The spacers have excellent weather washing characteristics and their unique design provides high short circuit strength.
They are highly resistant to shock, impact, or rifle fire, and can be installed with hot line tools.
Covered conductors consist of stranded hard drawn aluminum conductors with three extruded layers, the thickness of which depends on the voltage rating. Hendrix’s proprietary, high density outer layer resists abrasion, electrical tracking and UV degradation. Also, reduced NESC phase spacing is possible, due to high impulse strength covering. The 3-layer covering withstands temporary contact with tree branches and other vegetation, thus reducing outages and improving power quality. This, along with the compact configuration of the system, greatly reduces the need for vegetation removal during circuit installation, cutting tree trimming costs significantly. The covering also protects wildlife from exposure to lethal currents.
FLEC system substations take advantage of spacer cable systems As Vice President responsible for Operations, Engineering, Protection and Control (including substations and down line controls), as well as Fleet and Vegetation Management, Kirkpatrick is responsible for all electrical engineering related to SCADA (supervisory control and data acquisition), substation, line design, relay programming, relay testing, and integrated electronic device (IED) programming. In the mid-90’s he developed FLEC specifications for use of Hendrix spacer cable systems and added them to FLEC’s specification book.
In 2003, he designed FLEC’s first substation exit using the spacer cable system, for the new Madisonville substation. The substation included 8-bays, in a split bus configuration
FLEC was faced with a tricky design problem, since underground exits were problematic and there were serious right of way issues associated with taking five circuits for eight spans away from the Madisonville substation to the north and three circuits to the south, before splitting up and going in separate directions.
Kirkpatrick began seriously looking at spacer cable circuits as an option, based on his previous positive experience with spacer cable lines in tight areas and along roads with limited right of way. After preparing profile drawings of spacer cable circuits, he found that the system could accommodate the required number of circuits exiting the station in both directions.
Each of the substation exits uses a “vertical fence” feeder exit strategy, with four conductors per circuit. With the vertical fence configuration, “E-type” brackets can be used to support each circuit and it is easy configure phase orientation. Three positions are available and phases are stacked vertically, which can be tapped off the bracket and dropped into the substation.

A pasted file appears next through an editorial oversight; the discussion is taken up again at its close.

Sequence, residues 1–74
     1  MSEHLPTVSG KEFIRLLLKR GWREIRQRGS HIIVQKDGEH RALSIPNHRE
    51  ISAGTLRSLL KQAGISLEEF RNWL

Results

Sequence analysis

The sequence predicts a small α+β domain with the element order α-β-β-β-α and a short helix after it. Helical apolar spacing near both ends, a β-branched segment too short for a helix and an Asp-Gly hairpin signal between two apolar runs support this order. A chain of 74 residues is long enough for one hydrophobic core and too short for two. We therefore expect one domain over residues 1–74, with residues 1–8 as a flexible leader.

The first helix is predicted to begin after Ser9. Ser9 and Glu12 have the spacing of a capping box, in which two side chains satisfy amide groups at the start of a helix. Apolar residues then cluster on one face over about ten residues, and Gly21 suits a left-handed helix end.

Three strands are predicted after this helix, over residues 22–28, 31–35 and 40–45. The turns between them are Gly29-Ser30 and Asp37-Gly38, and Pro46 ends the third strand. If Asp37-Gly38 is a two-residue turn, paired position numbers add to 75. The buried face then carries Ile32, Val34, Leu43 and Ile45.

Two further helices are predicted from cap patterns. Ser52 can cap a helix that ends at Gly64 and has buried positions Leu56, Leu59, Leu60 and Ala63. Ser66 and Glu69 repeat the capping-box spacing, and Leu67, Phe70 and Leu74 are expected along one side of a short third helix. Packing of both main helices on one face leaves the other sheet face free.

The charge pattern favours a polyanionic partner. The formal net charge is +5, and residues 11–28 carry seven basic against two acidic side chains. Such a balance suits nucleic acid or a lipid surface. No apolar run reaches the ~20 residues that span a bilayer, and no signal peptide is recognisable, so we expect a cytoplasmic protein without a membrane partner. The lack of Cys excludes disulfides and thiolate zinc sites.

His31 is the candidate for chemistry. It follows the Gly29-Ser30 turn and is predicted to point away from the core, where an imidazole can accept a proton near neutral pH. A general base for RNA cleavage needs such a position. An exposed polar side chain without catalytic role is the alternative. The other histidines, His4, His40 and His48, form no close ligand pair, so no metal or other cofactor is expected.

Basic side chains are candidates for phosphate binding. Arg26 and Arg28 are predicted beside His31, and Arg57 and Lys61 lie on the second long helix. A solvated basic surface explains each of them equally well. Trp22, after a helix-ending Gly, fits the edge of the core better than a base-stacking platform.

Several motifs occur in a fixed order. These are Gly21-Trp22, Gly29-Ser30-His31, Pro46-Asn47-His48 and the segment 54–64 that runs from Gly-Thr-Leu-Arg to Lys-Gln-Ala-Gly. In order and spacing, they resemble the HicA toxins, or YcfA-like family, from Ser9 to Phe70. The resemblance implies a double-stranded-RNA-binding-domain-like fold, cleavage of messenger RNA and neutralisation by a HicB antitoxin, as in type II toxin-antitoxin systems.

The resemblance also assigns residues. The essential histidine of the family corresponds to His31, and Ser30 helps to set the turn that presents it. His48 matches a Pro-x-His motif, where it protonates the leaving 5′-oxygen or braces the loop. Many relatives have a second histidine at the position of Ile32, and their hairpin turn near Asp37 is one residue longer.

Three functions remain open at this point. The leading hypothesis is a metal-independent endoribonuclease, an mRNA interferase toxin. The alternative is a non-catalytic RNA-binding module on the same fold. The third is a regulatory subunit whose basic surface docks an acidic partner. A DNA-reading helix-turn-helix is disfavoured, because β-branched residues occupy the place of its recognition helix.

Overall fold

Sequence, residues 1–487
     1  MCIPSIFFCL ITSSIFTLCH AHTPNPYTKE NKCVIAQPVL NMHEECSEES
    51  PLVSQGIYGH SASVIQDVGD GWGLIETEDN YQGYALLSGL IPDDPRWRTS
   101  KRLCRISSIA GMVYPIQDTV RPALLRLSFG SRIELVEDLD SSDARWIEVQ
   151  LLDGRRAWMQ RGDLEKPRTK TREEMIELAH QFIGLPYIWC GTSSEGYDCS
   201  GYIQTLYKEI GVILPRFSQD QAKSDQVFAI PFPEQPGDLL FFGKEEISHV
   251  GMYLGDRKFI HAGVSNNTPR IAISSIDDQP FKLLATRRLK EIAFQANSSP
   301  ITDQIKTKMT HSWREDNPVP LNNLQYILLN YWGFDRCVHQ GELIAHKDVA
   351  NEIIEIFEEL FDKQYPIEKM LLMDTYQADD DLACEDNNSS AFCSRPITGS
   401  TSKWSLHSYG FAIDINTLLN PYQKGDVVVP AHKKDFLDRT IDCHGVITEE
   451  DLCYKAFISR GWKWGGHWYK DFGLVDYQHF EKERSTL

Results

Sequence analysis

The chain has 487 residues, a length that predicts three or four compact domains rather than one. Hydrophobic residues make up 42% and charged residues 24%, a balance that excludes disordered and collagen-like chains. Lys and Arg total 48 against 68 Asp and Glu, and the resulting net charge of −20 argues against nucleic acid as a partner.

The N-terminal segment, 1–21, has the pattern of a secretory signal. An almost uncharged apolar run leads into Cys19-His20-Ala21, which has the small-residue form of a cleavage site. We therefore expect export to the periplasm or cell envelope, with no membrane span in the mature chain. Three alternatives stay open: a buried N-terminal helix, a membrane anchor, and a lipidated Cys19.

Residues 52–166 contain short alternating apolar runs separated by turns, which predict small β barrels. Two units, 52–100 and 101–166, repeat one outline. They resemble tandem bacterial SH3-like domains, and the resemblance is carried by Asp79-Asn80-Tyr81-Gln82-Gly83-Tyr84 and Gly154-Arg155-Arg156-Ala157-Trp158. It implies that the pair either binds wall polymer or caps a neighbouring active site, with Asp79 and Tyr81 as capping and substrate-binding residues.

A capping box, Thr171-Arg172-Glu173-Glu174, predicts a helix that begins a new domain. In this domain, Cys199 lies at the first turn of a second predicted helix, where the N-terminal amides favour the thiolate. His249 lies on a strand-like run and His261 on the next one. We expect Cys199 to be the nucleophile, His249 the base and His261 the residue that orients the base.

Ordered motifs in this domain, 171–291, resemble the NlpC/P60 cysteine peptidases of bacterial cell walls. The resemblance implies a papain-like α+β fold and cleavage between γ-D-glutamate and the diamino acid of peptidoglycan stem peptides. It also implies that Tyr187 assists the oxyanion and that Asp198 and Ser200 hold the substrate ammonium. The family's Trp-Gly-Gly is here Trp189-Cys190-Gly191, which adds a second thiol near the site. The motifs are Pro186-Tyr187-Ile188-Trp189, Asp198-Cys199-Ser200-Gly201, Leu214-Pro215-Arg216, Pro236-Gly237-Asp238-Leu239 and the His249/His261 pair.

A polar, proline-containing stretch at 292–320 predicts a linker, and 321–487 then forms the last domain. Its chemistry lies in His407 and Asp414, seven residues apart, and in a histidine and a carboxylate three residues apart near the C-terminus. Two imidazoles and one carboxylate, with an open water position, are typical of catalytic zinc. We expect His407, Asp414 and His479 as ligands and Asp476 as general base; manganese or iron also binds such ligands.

“We could not possibly do what we have done at this and other stations with open wire. It is much less complex and easier with spacer cable,” said Kirkpatrick. “Other alternatives would have required at least three pole lines, crossing under a transmission line, and over a railroad track and a 4-lane highway, which would have been difficult with open wire. We would have had to use a more costly underground wire option if we didn’t have Hendrix spacer cable.”
After the success of the Madisonville substation exit project, Kirkpatrick has since used the same design at the Jena and Niles Ferry substations. Additionally, Kirkpatrick notes Hendrix is ready and willing to assist with any issues that might arise during an installation. “Hendrix continually has provided support far and away above other specialty product manufacturers,” says Kirkpatrick. “They understand that the uniqueness of their product required a higher level of customer support and engineering, and has not wavered in its commitment to ensuring they provide the answers needed in a timely fashion.”
While the use of spacer cable systems at substation exits was not standard practice in his area, Kirkpatrick found it relatively easy to get approval from the RUS (Rural Utilities Service). “My advice to other rural electric cooperatives is to work closely with your General Field Representative (GFR) and explain to him why the spacer cable solution is the best thing for your particular circumstance.”
Kirkpatrick, who sits on the Overhead Distribution Line Subcommittee of the National Rural Electric Cooperative Association’s (NRECA’s) Transmission and Distribution Engineering Committees, says “Our subcommittee oversees questions that come into the RUS and I am hopeful we can develop standards that would make it easier for Cooperatives to use spacer cable. The more Cooperatives that request its use, the more RUS will open up to it.”
Posted by Janine E. Mooney, Editor
March 15, 2012